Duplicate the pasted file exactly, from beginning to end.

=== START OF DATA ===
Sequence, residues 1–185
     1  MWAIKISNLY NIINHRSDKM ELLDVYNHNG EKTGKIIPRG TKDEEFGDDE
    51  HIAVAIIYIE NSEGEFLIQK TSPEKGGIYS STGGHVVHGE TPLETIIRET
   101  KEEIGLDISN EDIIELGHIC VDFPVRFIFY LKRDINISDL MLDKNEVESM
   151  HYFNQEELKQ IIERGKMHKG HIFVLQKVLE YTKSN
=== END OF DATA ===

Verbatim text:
Sequence, residues 1–185
     1  MWAIKISNLY NIINHRSDKM ELLDVYNHNG EKTGKIIPRG TKDEEFGDDE
    51  HIAVAIIYIE NSEGEFLIQK TSPEKGGIYS STGGHVVHGE TPLETIIRET
   101  KEEIGLDISN EDIIELGHIC VDFPVRFIFY LKRDINISDL MLDKNEVESM
   151  HYFNQEELKQ IIERGKMHKG HIFVLQKVLE YTKSN